Culture & Sports Minister Lina Mendoni provided details of the damage incurred to the former royal estate at Tatoi from the recent fires in northern Attica, at a press conference held on Wednesday.
“We lost a large part of the forest there,” she noted of Mt. Parnitha and the fire that broke out in Varybobi, but thanks to the coordinated efforts of Civil Protection, the Fire Brigade, the police and also of ministry services “we managed to restrict the damage to a minimum.”
Some rooftops at the estate buildings were burnt, but they were temporary and made by the Culture Ministry in a salvage operation, while others were in a poor state to begin with. Wooden window and door frames were also burnt, some of which had been replaced by the ministry in recent years, she added.
Three outhouses very close to the palace were damaged: one was an outpost, another one was partially destroyed, while the third, which was entirely destroyed, contained items of little value and in poor condition.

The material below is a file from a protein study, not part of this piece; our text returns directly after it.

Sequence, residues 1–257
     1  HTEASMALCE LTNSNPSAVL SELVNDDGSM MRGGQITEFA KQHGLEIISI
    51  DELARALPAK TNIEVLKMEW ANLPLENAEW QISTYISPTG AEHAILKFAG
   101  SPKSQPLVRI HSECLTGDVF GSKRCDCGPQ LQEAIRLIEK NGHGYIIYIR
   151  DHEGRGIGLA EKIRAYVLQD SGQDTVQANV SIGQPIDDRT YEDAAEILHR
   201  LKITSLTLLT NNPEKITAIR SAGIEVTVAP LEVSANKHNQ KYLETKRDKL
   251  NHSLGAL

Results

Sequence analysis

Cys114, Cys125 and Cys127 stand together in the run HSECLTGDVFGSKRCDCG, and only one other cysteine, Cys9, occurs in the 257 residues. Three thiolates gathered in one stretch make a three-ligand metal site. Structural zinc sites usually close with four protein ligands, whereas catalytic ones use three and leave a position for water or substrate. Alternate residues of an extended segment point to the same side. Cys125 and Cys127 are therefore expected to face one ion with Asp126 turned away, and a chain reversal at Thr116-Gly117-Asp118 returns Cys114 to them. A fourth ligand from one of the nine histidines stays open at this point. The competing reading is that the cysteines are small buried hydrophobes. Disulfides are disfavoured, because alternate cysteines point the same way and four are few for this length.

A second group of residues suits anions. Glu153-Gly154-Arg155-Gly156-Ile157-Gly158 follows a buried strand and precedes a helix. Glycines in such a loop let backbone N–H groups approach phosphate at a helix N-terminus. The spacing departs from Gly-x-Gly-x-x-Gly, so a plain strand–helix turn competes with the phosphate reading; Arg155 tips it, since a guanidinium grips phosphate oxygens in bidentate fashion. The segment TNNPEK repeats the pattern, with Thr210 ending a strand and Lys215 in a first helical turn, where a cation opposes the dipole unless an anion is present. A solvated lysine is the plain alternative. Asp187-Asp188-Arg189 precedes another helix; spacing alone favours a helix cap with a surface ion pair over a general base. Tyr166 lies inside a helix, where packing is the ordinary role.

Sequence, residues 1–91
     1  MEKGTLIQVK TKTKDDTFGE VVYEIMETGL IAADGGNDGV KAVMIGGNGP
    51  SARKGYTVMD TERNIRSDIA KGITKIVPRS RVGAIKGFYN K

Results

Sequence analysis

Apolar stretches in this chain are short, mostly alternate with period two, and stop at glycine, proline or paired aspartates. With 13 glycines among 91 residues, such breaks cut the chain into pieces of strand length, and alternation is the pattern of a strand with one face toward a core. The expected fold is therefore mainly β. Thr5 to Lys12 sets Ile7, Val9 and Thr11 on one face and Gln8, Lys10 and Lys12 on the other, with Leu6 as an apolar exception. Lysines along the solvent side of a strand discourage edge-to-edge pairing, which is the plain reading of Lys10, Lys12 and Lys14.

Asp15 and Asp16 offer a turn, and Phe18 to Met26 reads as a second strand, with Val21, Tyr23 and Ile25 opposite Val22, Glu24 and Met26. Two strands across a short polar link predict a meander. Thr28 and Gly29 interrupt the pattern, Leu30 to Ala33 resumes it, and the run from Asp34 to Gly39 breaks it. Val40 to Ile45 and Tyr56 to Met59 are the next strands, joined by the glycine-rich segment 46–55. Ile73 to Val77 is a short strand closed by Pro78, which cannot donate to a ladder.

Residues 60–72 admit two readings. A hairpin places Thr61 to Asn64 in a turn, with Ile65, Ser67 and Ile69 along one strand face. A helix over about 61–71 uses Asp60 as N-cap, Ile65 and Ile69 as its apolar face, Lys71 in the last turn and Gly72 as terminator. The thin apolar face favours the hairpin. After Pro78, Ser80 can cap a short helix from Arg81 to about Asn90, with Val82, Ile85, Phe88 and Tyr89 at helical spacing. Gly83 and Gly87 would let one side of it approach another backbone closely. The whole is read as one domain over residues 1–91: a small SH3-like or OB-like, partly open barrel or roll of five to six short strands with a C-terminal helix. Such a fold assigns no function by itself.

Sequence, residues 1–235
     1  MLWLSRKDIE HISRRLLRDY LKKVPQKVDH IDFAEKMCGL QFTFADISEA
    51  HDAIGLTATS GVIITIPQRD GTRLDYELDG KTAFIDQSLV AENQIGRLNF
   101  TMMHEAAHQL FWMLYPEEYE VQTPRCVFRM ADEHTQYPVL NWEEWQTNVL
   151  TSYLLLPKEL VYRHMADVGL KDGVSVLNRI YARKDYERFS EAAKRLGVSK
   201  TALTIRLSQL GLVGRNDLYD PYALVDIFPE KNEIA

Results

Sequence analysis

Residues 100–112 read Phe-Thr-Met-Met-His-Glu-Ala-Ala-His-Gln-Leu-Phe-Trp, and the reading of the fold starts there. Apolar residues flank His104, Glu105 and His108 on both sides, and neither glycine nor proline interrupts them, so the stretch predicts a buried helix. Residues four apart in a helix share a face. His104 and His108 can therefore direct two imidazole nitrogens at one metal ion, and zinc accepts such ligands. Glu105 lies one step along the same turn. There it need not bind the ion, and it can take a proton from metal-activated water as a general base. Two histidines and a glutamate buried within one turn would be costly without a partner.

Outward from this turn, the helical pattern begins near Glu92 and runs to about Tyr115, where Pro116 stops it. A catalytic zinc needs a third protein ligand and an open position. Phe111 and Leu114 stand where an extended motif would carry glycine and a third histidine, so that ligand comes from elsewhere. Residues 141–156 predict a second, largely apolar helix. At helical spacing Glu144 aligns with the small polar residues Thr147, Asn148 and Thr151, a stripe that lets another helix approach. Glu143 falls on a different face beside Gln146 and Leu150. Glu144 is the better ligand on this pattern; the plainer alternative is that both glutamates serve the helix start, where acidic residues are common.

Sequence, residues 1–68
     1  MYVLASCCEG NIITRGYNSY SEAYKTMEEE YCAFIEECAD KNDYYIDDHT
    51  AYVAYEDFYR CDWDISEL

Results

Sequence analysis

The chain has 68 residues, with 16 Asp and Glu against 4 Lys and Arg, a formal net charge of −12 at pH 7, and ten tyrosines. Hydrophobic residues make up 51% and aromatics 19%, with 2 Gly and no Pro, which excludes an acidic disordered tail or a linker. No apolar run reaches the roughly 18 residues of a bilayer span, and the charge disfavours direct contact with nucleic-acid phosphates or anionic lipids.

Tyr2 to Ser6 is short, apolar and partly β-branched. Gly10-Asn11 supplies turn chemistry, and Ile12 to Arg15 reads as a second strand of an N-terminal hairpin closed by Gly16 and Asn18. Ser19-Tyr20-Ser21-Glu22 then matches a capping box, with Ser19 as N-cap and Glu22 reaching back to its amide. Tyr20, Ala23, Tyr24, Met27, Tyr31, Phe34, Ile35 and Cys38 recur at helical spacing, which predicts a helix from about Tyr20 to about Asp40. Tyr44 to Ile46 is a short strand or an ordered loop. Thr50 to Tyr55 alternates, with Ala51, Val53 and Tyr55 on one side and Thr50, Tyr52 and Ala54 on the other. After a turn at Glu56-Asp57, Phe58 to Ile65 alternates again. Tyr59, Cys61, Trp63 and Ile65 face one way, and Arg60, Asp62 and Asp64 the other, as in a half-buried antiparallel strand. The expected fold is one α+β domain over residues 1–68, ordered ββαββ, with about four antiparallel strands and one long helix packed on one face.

There was no damage by the fire for the more than 100,000 objects either in containers or on the site in general, such as horse carriages and cars. Objects in containers are being registered and turned over to conservators, while the most valuable objects have been removed to prevent theft, she said.
The Culture Ministry has already commissioned the study for the systematic reforestation of the site’s historic core of 1,600 stemmas (160 hectares), but also of the estate’s broader 6,000 stemmas (600 hectares), Mendoni added.
All the financial resources for restorations at Tatoi’s buildings are provided by the EU’s National Strategic Reference Framework (NSRF) and the EU’s Recovery Fund. Studies will be completed by the end of 2021-beginning of 2022, noted Mendoni, when the contractor is to be selected.
Of the archeological ruins of the ancient fortress of Dekelia (Paleokastro), located inside the estate, she said it was untouched by the flames.
Speaking of other areas in Greece that were threatened by the wildfires, Mendoni said the local archaeological ephorates had informed her that there was no damage to antiquities on Evia island. In the Peloponnese, including Ancient Olympia, there were only some limited problems in some post-Byzantine churches.
“It is obvious we faced an unprecedented situation, not just in terms of monuments and our cultural heritage,” she said.